But more interestingly, in 1998 4.4 million workers were at minimum wage; in 2015, it's 2.6 million. In 1998, 6.2% of all hourly-paid workers got minimum wage. In 2015, only 3.3% do. And by 2017, that number is 2.3%. It looks like the market is giving us a higher labor rate than the federal minimum. FWIW Wendy's pays like $12 out here.
Of course that makes sense, since the minimum wage wasn't raised during that whole time. If the minimum wage were tied to inflation (which I think it should be, to save us rehashing this stupid political debate every couple of decades), $7.25 in 1998 would be $10.83 per hour now. What percentage of hourly workers would be at minimum wage by that calculation?

My stepdaughter was most recently making $8.40 as a restaurant hostess. The real question is: is the $12-per-hour Wendy's worker in your area able to afford housing in your area? My stepdaughter couldn't even afford to split the ghetto-est of ghetto apartments with roommates, in this area.
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Old 12-18-2018, 10:03 PM   #114
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$7.25 in 1998 would be $10.83 per hour now
It was $5.15 in 1998

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The real question is: is the $12-per-hour Wendy's worker in your area able to afford housing in your area?
Not noticing any tent cities so I'ma say yes. Section 8 around here is like $900/month.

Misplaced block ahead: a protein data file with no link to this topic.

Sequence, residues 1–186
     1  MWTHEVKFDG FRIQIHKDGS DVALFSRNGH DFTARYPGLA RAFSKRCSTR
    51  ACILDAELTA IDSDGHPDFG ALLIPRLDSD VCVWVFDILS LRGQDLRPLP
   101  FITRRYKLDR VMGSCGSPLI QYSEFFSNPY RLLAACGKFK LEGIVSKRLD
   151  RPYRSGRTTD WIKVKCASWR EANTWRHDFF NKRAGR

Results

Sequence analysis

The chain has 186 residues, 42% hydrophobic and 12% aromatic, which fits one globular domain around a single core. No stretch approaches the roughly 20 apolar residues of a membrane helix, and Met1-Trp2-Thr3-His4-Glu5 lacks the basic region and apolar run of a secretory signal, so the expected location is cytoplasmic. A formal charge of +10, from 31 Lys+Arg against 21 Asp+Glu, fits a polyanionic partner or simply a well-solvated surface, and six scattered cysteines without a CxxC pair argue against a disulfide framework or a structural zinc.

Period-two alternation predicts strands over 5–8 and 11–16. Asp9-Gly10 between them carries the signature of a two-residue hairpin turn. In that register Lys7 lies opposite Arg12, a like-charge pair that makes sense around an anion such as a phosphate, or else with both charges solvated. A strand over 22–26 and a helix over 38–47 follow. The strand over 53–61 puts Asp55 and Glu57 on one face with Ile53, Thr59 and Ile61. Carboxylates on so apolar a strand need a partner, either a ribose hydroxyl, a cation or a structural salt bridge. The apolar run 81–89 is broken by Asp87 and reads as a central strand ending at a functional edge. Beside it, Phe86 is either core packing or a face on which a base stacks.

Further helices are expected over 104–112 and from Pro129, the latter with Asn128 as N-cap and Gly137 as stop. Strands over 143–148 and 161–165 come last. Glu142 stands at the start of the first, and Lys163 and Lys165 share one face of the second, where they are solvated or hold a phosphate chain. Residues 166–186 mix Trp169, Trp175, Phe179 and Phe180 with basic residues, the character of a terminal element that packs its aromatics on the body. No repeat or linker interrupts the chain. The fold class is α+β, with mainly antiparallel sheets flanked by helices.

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Old 12-19-2018, 08:22 AM   #115
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It was $5.15 in 1998
Ah, a perfect example of localities doing their own thing, like you said above. For me, I know it went from $5.15 to $5.25 in Austin around the summer/fall of 1996 because I was working at Domino's Pizza then and was excited to personally benefit from the change. By 1998, I was getting more elsewhere and don't remember it as clearly.
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Old 12-19-2018, 09:22 AM   #116
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Federal minimum history via Dep't of Labor: https://www.dol.gov/whd/minwage/chart.htm

Current state levels via Nat'l Council of State Legislators: http://www.ncsl.org/research/labor-a...art.aspx#Table
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Old 12-19-2018, 10:38 AM   #117
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Section 8 around here is like $900/month.
GOD DAMN!!

$900 a month?!

I said GOD DAMN!!!
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Old 12-19-2018, 10:47 AM   #118
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I'm not sure I could live on twelve dollars an hour.

Rent, food, car, car insurance, car gas, car licensing, car maintenance, electricity, water, gas, clothes, ohshitthetransmissionconkedout$1000+, and the tires are bald.

And I haven't even fed my two children yet. Or put clothes on them. Or paid the sitter. Or school costs. Dammitthelittleurchinbrokehisdamnleg$5000.

Nope. I, myself, could not live on $12/hour.

It costs more than that just to drive GC1 at interstate speeds.
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Old 12-19-2018, 01:12 PM   #119
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And you didn't even mention the big ones: Fed and state income Tax, SS, health insurance.